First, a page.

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Shaped Ski Era

post #1 of 7
Thread Starter 

When did shaped skis first appear on the slopes in USA and in Europe? Specifacally what was the status for 1991-92 ski season?

post #2 of 7

That is near the dawn for shaped skis, but pretty sure they were on the US market then, if very small minority of skiers had them.  I bought my last new pair of "skinny" skis (Blizzard) in 1993.  At that time shaped "parabolic" skis were in the mass market, but still considered experimental enough that I did not trust them and declined to buy them.

In 1997 I finally demo'd a pair of shaped Elan skis (at Sugarloaf, ME).  By that point they were being pushed very heavily by ski manufacturers and fast becoming the standard.


Others here, more gear oriented than I, can better answer your question.

post #3 of 7
Originally Posted by jbharstad View Post

When did shaped skis first appear on the slopes in USA and in Europe? Specifacally what was the status for 1991-92 ski season?

Seth Masia did a nice article about "shape' evolution...




that Elan SCX was an awesome ski...

post #4 of 7

In 1991-2, I happened to have a pair of K2 Velocity's (see Seth Masia's history).  I was skiing at Stratton when I rode the chairlift with these two guys who were testing "cartoon" skis -- the first SCX's.  They were giggling and making fun of themselves and the look of the skis -- but they also told me that these skis were going to revolutionize equipment.  I'll never forget them; I saw them later carving absolutely pure lines in the spring snow. 

When the Velocities began to delaminate after two years, K2 sent me the first set of K2 Fours the ski shop had seen.  I almost turned them down, but then I remembered the two guys at Stratton.

post #5 of 7

Shaped skis...


The rocker of the 90's.


post #6 of 7

That Evolution of Ski Shape article is really fascinating. This is one of the more interesting bits...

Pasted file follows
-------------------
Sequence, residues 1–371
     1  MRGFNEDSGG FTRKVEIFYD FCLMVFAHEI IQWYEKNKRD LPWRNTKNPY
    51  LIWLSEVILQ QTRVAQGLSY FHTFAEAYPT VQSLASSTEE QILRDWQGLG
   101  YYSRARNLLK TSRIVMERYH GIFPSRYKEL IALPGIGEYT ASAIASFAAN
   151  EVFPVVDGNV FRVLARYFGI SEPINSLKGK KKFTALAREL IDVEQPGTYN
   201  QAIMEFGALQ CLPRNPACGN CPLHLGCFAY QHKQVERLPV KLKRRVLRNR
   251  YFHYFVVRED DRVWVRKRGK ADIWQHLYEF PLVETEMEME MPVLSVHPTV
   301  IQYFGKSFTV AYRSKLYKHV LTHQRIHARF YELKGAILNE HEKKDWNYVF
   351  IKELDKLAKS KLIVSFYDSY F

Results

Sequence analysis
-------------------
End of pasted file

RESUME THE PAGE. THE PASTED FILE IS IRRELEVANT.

Albert goes wild

In 1984, an executive at Olin Corp. had been having trouble learning to ski. He asked Frank Meatto, an engineer at the company’s ski division, why the factory couldn’t build a sort of Prince tennis racquet for skiers – something that would make the learning process a lot easier. Meatto, along with Ed Pilpel, had been working on designs for a better race ski, and had an idea that the key to a great teaching ski would be a deep sidecut. According to Pilpel, Meatto came up with “Albert,” which ski industry insiders consider the first of the modern shaped skis. Albert, named after a plastic toy belonging to Meatto’s dog – had a very fat tip and ridiculously narrow waist: according to Pilpel, the dimensions were 128-40-79mm. The prototype would have had a sidecut depth of 31mm and a radius of 8 meters. The swollen tip wouldn’t fit in Olin’s presses, so Meatto had to figure out how to make it narrower without sacrificing the deep sidecut. At the time, racers skied a very one-footed technique, leaping from inside edge to inside edge. Meatto wondered if they even needed an outside edge. He sliced Albert almost in half and prototyped an asymmetric 150cm ski, with a ruler-straight outside edge and a radical sidecut on the inside edge with a 10 meter radius. The waist wasn’t wide enough to accommodate a ski boot, so Meatto engineered an elevated Delrin platform to carry the bindings. He took out a patent covering the deep sidecut and the leverage advantage of the platform, specifying that the ski edge ran close to the centerline of the bootsole, like an ice skate. Olin produced a run of 150 pairs for introduction at the 1986 SIA Trade Show. Instructors who tested it thought Albert was a fabulous idea, but retailers thought the asymmetric hourglass shape far too cartoonishly weird and declined to buy it. Albert slid into obscurity, but the patent drawings lived on in Olin’s corporate legacy, to surface in other offices.

Ha. Just Google'ing around, searching for a pic of Olin Alberts, (didn't find one), but I did find my way right back here to Epic...


Too bad Weems never got around to sharing more.

Edited by jc-ski - 3/5/12 at 1:52pm
post #7 of 7

Hey, those outside edges look pretty straight. Are these Olin Alberts?




Anyone know who the skier is?

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